Health alert issued by TSA at Bush airport amid growing concerns over coronavirus
HOUSTON – Local public health officials said Thursday that the coronavirus isn’t new but a new strain in China has been proving deadly and is sparking concerns about spreading to the rest of the world.
In the United States, five airports have started health screenings for passengers coming from China, but the Houston airports, George Bush Intercontinental Airport and William P. Hobby Airport, are not part of the group. Instead, starting Thursday, Transportation Security Administration will begin showcasing a flyer at all security checkpoints at IAH. The flyer is a health alert explaining to travelers headed to Wuhan, China how they can protect themselves from getting sick. There are no direct flights between Wuhan and Houston.
Brazos County health officials are investigating after a Texas A&M student, who recently traveled to China, showed symptoms of what is suspected to be coronavirus. It remains unconfirmed if the student has indeed contracted the virus but he is being kept in isolation while undergoing tests, officials say.
Local health officials say the risk of contracting coronavirus is significantly lower for most people in the area. Harris County Public Health instructed health care providers to make sure patients who are sick, are being asked if they’ve traveled to China. If they haven’t, officials say it’s more likely that they have a common cold or flu, if they suddenly develop upper respiratory issues.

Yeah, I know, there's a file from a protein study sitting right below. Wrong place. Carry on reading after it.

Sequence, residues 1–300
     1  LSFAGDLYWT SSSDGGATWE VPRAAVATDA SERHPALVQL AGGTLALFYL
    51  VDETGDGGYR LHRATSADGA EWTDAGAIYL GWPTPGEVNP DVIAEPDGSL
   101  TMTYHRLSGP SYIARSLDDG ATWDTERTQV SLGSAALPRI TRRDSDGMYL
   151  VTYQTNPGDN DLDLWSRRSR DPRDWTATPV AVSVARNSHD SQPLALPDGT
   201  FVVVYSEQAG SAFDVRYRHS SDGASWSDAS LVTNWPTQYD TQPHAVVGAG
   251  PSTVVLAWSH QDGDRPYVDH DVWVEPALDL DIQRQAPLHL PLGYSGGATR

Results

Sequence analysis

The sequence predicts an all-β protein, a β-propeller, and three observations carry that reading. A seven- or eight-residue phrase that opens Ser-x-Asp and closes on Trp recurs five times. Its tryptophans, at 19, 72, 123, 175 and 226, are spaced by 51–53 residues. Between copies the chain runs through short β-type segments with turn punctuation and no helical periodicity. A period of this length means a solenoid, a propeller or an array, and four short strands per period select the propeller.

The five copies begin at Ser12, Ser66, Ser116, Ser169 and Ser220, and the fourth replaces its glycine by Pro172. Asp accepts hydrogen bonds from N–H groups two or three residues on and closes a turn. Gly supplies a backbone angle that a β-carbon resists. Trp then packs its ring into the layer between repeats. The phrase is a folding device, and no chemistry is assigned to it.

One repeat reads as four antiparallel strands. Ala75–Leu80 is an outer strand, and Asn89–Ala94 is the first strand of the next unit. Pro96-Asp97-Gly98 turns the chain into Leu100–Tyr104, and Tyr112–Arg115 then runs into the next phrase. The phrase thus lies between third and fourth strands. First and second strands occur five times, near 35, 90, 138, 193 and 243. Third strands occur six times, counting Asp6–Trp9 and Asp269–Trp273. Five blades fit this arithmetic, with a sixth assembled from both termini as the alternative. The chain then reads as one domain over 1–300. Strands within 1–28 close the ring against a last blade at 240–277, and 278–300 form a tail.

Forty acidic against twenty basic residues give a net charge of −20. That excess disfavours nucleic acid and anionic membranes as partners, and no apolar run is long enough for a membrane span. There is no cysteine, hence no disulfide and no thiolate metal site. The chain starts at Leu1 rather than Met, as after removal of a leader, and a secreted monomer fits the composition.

Harris County Public Health also met with local Chinese media Thursday as they have been covering the story extensively. They discussed concerns related to the spread of the virus and the upcoming Chinese New Year.
The World Health Organization said Thursday in a news conference in Geneva that while the epidemic was clearly a crisis in China, it had not yet become a global health emergency. At least 11 million people who live in Wuhan have been quarantined as part of the Chinese government’s efforts to contain the spread of the virus.
Helen Shih, a Houston-area doctor who has family in Wuhan, said things have changed drastically for her family since the Chinese government decided to shut down public transportation.
“We have a lot of Chinese New Year festivals, events, social events, family gatherings that are being planned,” Shih said. “The big decision people have to make is what do with those big events, what do with those family gatherings. That’s kind of a hard decision to make at this time.”
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